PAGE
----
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During this interview, I change seats, place myself in front of another artist and ask him the questions I wish people asked me. Today, I speak to French performer and pianist Matthieu Bergheau who has just released a new solo project entitled Ailleurs.


Matthieu tell us a little bit about yourself?


I am a French classical pianist, living in the countryside not far from Lyon. I fell in love with classical music thanks to Rachmaninov, more specifically, because of the film Shine. This movie features Rachmaninov’s famous Piano Concerto No. 3 and even at the age of six, I felt a kinship to the piece. Although my family are not professional musicians, I grew up with music in the house. I even have a photograph of myself at the age of one on the family piano! I believe that I was always attracted to the piano and Rachmaninov was my first musical love. To be perfectly transparent, I took only a year of piano lessons, so I consider myself to be largely self-taught.


Tell us about Ailleurs, your latest solo project?


As 2023 is the 150th anniversary of Rachmaninov’s birth year, I could not pass up the opportunity of recording an album with Odradek featuring his compositions! The pieces I feature on the album — his two piano sonatas and Corelli Variations — were mainly written in Germany, Switzerland, and Italy, rather than his homeland of Russia. This inspired the album name of Ailleurs, translating loosely as elsewhere.


Tell us a little about your musical world.


I am generally more attracted by the romantic music period, from 1820 to 1945. That being said, I enjoy the great classical composers such as Mozart and Beethoven as well as contemporary composers, including Ligeti. I have been close to Rachmaninov’s music for as long as I can remember — his musical expression speaks to me.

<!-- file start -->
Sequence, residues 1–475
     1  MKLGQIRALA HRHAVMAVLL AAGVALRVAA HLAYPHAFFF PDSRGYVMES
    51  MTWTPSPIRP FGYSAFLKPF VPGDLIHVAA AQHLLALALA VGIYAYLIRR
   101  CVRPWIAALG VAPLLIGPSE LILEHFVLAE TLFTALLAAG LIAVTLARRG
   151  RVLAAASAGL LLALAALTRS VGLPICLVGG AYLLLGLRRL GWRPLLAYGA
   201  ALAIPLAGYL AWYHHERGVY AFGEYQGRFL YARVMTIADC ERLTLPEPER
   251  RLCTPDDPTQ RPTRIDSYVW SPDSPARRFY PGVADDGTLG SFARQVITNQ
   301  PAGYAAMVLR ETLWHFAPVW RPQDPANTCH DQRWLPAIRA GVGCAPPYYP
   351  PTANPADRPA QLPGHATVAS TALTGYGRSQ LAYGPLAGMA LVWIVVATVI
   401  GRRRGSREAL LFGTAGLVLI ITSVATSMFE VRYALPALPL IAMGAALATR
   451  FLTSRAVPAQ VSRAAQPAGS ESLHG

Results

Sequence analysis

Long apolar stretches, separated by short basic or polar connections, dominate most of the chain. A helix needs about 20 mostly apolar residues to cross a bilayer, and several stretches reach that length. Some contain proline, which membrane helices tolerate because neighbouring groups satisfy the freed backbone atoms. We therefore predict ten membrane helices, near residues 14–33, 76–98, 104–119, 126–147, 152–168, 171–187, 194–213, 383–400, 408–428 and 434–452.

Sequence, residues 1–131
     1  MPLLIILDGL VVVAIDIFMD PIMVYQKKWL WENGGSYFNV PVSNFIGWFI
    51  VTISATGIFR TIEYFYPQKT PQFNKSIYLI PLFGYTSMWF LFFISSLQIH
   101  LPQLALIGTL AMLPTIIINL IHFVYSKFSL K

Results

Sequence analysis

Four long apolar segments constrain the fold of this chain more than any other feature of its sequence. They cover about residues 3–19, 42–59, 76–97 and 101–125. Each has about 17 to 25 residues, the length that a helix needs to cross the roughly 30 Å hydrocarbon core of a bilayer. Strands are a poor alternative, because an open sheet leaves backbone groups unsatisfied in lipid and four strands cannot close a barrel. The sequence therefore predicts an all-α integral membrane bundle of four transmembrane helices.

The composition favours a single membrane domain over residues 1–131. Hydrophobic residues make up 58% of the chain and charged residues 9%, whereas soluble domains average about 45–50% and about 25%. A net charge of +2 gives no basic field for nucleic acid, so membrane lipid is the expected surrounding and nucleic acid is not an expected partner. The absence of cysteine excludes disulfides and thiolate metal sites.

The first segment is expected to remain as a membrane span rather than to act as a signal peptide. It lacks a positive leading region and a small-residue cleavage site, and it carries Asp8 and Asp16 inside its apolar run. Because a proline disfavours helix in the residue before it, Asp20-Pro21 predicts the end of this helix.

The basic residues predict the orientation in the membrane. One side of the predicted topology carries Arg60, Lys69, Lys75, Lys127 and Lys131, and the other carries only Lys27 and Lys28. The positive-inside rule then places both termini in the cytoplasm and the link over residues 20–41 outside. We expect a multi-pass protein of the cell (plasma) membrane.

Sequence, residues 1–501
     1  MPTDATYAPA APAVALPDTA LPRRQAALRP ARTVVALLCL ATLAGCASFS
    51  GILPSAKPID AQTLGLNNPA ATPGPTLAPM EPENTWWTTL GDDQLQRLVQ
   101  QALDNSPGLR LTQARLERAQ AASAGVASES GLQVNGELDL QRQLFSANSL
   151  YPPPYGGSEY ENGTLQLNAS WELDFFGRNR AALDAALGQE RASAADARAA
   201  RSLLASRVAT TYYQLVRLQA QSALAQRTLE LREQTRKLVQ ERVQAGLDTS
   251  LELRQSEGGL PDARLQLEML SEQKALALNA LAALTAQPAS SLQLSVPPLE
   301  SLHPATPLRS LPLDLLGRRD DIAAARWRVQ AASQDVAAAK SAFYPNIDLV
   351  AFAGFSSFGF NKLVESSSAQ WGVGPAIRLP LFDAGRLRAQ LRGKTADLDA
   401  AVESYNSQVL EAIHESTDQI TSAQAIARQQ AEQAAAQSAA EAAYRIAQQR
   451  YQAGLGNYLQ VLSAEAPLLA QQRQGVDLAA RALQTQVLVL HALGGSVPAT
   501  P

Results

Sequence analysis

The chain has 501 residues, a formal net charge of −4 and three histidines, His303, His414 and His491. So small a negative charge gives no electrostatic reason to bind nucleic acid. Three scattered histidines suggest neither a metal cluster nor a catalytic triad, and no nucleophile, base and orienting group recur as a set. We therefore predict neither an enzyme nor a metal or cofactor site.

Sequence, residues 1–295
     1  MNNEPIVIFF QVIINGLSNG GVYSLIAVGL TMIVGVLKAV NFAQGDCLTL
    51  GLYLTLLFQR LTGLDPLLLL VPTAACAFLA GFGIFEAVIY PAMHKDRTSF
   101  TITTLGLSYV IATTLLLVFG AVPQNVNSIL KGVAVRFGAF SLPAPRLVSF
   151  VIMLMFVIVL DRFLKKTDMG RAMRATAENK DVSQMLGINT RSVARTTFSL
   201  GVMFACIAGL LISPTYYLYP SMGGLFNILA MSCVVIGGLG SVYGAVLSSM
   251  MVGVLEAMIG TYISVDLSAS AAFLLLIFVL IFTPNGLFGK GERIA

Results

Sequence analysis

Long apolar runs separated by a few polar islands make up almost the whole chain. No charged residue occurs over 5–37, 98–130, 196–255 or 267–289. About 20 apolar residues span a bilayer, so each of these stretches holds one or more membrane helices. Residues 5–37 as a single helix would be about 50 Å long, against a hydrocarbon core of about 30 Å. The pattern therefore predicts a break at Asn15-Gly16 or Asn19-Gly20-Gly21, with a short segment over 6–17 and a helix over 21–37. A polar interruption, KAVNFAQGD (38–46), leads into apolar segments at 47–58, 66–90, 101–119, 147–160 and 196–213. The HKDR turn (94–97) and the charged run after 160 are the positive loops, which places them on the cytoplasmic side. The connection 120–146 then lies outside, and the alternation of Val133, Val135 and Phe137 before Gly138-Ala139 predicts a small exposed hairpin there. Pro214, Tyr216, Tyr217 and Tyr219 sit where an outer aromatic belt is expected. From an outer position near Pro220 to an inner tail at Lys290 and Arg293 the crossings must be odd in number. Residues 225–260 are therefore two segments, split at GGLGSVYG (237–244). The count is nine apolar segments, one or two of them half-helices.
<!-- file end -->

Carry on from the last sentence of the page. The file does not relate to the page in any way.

What are you trying to achieve through your artistry and performances?


I am naturally an introvert. Working pieces over the course of several years is vital, but I think that recording and performing is clearly a big piece of any artist’s puzzle. I am constantly searching and experimenting — carefully examining a score to find new musical lines or new ideas to be as close as possible to the musical truth.


As a performer, and particularly self-taught, have you ever wanted or felt the need to create your own music?


Yes, absolutely, I have. Creating music is something that I keep in the corners of my mind. One such goal is to write a piano arrangement of Ravel’s famous ‘Daphnis et Chloe,’ which I consider to be one of the most beautiful pieces of the 20th century. At the moment, however, I prefer to focus on performing and recording.


What does it mean to be a pianist in our time and age — how different do you feel it is from let’s say the times of Rachmaninov?


It is evident that the technical level of pianists has increased drastically over the course of the twentieth and twenty-first centuries. I believe that it is important to have a presence on social media, which requires particular skills and knowledge. I have the feeling that pianists in the past could focus more on their musical skills and today you have to master not only your instrument, but also promotional tools for yourself.

So after Ailleurs what’s next?


Time will tell! I find myself thinking more and more of recording an album of French music, perhaps including Ravel, Debussy, Poulenc, and Milhaud.


Thanks very much Matthieu. Last one for the road — one book, one album, one film —, tell us about your latest cultural pearls?


One book: Les fleurs du mal by Baudelaire; one album: Claudio Arrau’s Debussy Estampes, Images, Préludes (also his album Liszt Transcendental Études); one film: Shine


Bouncing on Matthieu’s words,  being a musician nowadays comes as a full package — read my article A Day in the Life to learn more about the daily life of a composer. Read my review of Ailleurs too.

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